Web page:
WASHINGTON (Reuters) – The U.S. economy appears to be trudging along, neither booming nor busting, growing steadily enough to diminish double-dip recession fears but not quickly enough to bring down unemployment.
That puts the Federal Reserve in a bit of a policy pickle. If the economy were clearly backsliding, Fed Chairman Ben Bernanke has made it clear he would not hesitate to provide further support. But what about an economy that is moving forward, albeit painfully slowly?
Minutes of the central bank's August 10 policy meeting said several officials felt the outlook would have to deteriorate "appreciably" to trigger more action, which might include additional purchases of government debt or a promise to keep interest rates near zero for an even longer stretch.
The latest batch of data -- particularly the employment report on Friday that showed stronger-than-expected private hiring in August -- doesn't seem to fit that description.
"Is there enough here to prompt the Fed to pull the trigger as early as at the September 21 meeting? Probably not," said Lena Komileva, an economist with Tullett Prebon in London.
So what might make the Fed flinch?
Neil Dutta, an economist with Bank of America-Merrill Lynch in New York, thinks the slow-but-steady economic slog will eventually prod the Fed into action, perhaps early next year.
His firm predicts a "growth recession," which may sound like an oxymoron but essentially sums up what is happening now. The economy keeps growing, yet unemployment rises.
Dutta said if monthly employment figures continue to show only modest hiring and rising unemployment, "the Fed is not going to sit idle."
Indeed, many economists think the Fed will feel compelled to step in if unemployment surpasses the recession high of 10.1 percent notched in October 2009. The rate rose to 9.6 percent in August, and is likely to inch higher in the coming months.
The White House is searching for new ideas that might help reduce the stubbornly high unemployment rate, and President Barack Obama said he would outline plans to boost the economy this week. Tax cuts to encourage hiring are expected to be among the proposals, but they would require support from Republicans in Congress.
Dutta pointed out that there are "good" and "bad" reasons for unemployment to rise. The "good" kind, like now, is caused by more people feeling confident enough about job prospects to venture back into the labor force. The "bad" kind is driven by increased job cuts. The first type might not spur the Fed into action; the "bad" kind almost certainly would.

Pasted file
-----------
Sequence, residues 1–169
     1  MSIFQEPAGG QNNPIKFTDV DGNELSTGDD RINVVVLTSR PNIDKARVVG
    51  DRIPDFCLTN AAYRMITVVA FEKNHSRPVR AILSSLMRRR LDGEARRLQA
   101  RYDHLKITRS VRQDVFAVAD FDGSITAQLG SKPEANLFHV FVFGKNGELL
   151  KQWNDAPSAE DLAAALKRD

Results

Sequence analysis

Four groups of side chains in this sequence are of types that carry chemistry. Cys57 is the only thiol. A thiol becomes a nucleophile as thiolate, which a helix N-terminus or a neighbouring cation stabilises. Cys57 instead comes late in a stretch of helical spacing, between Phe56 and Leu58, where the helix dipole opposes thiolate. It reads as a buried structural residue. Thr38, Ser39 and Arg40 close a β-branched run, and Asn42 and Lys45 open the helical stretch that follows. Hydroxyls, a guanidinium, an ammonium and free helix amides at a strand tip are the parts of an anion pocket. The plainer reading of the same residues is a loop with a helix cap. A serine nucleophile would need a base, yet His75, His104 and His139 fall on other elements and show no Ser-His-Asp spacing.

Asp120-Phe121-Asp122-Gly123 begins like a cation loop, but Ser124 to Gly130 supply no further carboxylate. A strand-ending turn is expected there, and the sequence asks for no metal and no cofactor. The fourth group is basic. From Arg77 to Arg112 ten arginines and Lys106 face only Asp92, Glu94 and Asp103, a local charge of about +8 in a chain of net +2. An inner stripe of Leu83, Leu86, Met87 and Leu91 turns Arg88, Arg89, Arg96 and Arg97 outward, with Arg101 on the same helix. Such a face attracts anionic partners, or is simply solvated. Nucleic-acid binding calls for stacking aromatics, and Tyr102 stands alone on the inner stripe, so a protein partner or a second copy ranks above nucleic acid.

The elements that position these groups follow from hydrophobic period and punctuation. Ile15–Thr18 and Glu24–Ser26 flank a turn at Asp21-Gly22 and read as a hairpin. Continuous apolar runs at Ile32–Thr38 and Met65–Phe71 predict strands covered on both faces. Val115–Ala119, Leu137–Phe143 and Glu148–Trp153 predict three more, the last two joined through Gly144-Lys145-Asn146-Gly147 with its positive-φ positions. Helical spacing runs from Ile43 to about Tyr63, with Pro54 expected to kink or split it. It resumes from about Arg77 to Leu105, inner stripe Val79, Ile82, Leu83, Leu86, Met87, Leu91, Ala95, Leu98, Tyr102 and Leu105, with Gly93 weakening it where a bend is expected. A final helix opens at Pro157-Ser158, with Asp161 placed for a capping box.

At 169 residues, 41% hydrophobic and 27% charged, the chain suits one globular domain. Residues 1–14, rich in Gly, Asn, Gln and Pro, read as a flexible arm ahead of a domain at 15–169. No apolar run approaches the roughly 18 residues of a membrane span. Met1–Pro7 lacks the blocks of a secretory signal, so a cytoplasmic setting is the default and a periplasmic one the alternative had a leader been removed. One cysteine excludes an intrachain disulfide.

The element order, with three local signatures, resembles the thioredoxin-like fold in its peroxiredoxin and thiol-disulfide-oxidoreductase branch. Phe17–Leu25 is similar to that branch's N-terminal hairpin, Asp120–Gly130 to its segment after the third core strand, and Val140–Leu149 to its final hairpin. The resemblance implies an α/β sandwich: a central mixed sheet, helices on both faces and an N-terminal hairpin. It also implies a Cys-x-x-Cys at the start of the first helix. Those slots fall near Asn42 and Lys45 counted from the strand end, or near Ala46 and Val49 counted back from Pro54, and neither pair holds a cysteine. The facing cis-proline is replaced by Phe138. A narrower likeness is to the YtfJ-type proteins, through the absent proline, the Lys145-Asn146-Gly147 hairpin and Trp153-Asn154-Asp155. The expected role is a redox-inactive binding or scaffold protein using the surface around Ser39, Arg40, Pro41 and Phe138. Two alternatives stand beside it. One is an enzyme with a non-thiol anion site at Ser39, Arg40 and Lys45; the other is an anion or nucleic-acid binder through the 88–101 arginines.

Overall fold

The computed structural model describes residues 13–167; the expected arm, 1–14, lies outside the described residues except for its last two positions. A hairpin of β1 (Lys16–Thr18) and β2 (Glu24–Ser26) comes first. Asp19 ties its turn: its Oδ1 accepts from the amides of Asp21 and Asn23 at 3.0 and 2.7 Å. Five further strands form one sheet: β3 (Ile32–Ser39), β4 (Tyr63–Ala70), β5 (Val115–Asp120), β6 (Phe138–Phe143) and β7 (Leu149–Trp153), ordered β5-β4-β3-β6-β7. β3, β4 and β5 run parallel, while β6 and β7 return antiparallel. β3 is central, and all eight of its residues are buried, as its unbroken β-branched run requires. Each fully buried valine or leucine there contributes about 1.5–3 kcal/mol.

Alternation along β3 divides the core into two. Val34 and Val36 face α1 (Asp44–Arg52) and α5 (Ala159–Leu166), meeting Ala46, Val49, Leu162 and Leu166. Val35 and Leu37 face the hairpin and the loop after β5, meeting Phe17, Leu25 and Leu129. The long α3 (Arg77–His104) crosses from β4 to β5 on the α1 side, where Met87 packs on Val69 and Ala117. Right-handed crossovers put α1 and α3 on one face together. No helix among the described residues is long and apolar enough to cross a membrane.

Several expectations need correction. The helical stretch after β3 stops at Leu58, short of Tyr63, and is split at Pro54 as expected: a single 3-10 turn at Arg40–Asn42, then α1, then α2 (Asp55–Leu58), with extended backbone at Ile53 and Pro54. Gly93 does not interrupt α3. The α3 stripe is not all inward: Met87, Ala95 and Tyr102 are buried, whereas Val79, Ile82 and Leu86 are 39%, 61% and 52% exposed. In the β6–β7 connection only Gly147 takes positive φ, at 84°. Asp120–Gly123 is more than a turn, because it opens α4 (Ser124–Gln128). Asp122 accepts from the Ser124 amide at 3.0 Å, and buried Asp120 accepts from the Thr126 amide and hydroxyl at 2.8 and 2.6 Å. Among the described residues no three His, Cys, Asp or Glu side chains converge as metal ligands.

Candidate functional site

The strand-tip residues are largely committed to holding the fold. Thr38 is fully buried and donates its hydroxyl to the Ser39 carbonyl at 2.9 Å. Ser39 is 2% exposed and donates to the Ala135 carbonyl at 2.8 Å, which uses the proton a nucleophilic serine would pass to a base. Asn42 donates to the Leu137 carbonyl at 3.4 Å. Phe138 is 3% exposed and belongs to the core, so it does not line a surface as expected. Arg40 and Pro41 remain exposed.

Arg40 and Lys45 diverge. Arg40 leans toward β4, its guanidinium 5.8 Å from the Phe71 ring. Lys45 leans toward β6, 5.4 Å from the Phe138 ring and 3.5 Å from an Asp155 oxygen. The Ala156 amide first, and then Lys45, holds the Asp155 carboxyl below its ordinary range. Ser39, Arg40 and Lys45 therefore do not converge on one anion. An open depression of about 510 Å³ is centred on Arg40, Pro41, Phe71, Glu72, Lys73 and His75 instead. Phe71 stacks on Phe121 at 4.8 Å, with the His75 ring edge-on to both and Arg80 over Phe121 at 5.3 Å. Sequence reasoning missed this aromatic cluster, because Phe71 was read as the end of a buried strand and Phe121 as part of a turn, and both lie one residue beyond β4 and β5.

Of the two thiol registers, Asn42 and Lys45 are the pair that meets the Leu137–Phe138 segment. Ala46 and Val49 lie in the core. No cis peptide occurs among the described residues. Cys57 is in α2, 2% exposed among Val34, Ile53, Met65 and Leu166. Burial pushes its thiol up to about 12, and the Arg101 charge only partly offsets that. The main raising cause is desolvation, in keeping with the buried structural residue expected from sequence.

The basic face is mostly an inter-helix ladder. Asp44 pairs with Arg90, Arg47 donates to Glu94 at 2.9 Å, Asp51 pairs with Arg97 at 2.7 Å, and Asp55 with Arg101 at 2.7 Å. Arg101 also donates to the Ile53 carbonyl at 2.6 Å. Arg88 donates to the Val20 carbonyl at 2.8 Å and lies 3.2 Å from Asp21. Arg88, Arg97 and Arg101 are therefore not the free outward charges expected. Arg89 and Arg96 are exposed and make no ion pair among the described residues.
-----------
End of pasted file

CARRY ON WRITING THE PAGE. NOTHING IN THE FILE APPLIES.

On Wednesday, the Fed will release its "Beige Book" report of anecdotal economic evidence gathered from its 12 regional banks, which will provide insight into what is and isn't working well.
The report drills down to details as specific as Broadway show ticket sales, rural crop conditions and vacation resort bookings, and Fed officials routinely cite the findings when they discuss their views on the economy.
The last report, released in late July, added to double-dip fears because some Fed districts reported the economy was slowing. An upbeat report would support the idea the economy regained some momentum after a sluggish second quarter and encourage a wait-and-see approach from the Fed.
Trade was by far the biggest drag on second-quarter U.S. growth, which registered a lackluster 1.6 percent annual pace. A surge in imports subtracted nearly 4.5 percentage points from gross domestic product. Because GDP measures domestic growth, imports count as a negative.
Thursday's July trade report is expected to show the gap narrowed slightly, which would ease pressure on third-quarter economic growth.
Michael Gapen, an economist with Barclays Capital in New York, said the third quarter appeared to be off to a "respectable start" and growth will likely be modestly stronger than in the second quarter.
The Fed's Bernanke would seem to agree. He pointed out in late August that the spike in imports was probably due to fleeting factors, and economic growth should pick up.
If growth doesn't accelerate, however, that would be one more plausible trigger for renewed Fed action.
China may offer a big clue about whether U.S. imports really are subsiding. It is scheduled to release trade figures for August on Friday, and those are likely to show another month of explosive gains in exports. Economists polled by Reuters think China's exports rose 35 percent, while imports increased a relatively modest 26.1 percent.
(Editing by Dan Grebler)